Having a degree is a big advantage in terms of a lifelong career, but the transition from a first degree into the world of work is a bumpy ride, so RUSTLE has been talking to faculty colleagues and the Careers and Employability Centre (CEC) to explore ways that employability can be embedded in the Sussex student experience from the very beginning.
Richard Black (Head of the School of Global Studies) is quite clear that employability is a ‘priority for students and their parents’. He says that it is ‘a matter of pride that Global Studies has had success getting students into fantastic jobs. It makes me feel that the education we provide is worthwhile … but it is no good being proud of the alumni Sussex has been able to produce without understanding that we need to keep that pipeline of bright graduates going’. Global Studies are taking employability very seriously because Richard says that ‘we want to live up to the name of the school, so we feel that what we want to do is attract students from around world who will learn about the world from variety of perspectives and then go out into the world. Essentially, universities are training people for professional careers and you can’t be a professional today without existing in a global labour market so we are aiming to train people to have the competence and enthusiasm to go out and work in professional global careers.’ Academic courses are likely to be the key focus for students and having some employability running through every academic programme from beginning to end would be good model to work towards. Nevertheless, there are lots of things which can be added around that and Catherine Reynolds (CEC) explains that to that end, the CEC have recently reorganised and rebranded their work in three thematic areas, Explore, Experience and Connect which will take students from their first day at university to their first job after graduation.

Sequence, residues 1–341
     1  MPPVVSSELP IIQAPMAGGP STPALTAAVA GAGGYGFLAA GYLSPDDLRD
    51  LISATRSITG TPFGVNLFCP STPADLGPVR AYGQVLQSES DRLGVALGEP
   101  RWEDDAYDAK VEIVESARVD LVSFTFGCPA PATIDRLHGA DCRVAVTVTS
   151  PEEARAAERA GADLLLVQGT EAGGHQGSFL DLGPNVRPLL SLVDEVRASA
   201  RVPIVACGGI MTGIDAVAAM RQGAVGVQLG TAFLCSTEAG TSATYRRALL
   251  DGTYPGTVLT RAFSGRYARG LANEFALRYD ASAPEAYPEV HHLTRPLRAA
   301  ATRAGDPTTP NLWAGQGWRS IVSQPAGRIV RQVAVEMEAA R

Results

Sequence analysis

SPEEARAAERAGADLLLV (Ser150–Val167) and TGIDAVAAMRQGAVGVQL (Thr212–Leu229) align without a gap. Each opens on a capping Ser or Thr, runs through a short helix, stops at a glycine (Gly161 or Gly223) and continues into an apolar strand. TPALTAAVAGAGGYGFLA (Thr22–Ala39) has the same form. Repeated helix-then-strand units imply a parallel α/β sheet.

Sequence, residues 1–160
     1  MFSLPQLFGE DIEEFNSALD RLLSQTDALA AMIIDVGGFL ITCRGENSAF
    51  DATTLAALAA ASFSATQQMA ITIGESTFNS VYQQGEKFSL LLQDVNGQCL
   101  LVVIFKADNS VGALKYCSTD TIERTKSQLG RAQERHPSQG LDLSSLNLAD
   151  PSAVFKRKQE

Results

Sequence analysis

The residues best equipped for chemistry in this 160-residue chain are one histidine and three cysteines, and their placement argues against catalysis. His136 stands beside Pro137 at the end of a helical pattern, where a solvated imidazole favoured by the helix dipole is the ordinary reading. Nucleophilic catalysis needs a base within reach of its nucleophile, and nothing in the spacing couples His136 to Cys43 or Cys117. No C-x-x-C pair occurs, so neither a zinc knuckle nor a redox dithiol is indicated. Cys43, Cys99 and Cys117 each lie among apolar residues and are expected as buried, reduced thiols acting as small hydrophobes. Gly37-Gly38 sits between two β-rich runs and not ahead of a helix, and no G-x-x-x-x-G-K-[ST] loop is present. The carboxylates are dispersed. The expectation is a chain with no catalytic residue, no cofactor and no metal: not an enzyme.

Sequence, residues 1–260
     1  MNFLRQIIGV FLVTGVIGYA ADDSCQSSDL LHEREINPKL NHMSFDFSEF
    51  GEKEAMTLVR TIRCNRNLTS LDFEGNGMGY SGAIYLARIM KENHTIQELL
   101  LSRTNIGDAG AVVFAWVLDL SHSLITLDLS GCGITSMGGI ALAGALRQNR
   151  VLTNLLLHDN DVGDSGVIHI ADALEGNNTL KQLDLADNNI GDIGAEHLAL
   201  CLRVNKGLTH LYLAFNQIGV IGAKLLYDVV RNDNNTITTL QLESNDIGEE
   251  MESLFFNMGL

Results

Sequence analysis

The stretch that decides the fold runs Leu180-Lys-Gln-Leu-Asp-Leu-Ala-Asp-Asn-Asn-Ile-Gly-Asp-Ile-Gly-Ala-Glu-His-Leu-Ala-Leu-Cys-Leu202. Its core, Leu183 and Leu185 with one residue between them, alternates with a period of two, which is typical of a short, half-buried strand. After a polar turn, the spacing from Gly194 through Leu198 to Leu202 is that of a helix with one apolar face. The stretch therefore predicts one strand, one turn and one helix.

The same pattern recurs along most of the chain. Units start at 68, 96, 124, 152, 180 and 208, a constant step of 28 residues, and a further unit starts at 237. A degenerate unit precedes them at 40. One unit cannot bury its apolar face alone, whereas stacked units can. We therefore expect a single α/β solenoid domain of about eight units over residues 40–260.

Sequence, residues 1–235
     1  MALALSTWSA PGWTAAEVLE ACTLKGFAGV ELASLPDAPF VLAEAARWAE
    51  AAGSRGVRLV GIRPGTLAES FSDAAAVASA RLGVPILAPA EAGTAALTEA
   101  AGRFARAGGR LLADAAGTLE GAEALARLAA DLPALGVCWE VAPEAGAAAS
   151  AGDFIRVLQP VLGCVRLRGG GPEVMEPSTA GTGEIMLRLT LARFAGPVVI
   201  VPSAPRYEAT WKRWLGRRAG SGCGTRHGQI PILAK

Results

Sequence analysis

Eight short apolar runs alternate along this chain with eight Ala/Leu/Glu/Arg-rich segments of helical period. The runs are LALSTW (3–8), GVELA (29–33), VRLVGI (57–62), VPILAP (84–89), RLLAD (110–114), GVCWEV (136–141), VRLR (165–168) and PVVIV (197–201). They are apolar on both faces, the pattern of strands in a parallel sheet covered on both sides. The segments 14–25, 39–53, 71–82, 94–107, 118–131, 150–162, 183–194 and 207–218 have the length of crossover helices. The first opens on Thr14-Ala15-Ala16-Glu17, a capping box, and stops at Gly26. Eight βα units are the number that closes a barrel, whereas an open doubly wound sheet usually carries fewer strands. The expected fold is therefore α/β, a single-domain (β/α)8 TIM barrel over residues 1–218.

‘Explore’ encourages students to find out more about themselves and the world of work, having fun finding out about the possibilities and being curious about what is possible. One example of the sort of discipline-based activity that contributes to this exploration is the Careers Forum organised by Istvan Kiss in Mathematics. As the departmental Career Liaison Tutor, Istvan organises the event in the spring term and invites all years to attend. Although the event was initially targeted at 2nd years Istvan has come to realise that it is important to start thinking about employability even earlier, and although this is something of a ‘one-off’ event it does run every year and the students who attend in their first year may come back year after year as their thinking about their future develops. The forum works well and is very popular with students who welcome the 4 or 5 alumni who come to talk about their careers and stay to chat over coffee. Istvan sees ‘a lot of interaction going on … and some surprise at the sorts of careers that mathematics graduates have’. Business, Management and Economics have had success bringing speakers from the business world to talk to students, and the Schools of English and History, Art History and Philosophy have invited in alumni speakers with exceptionally interesting stories to tell. A partnership with the careers professionals in CEC helps as Catherine explains that Careers advisers can assist students to learn more from these speakers and fill in gaps in understanding, ‘there are opportunities and CEC know what they are. Our LibGuide-style careers information pages provide tailored sources for students to explore from the comfort of their own computer screens’.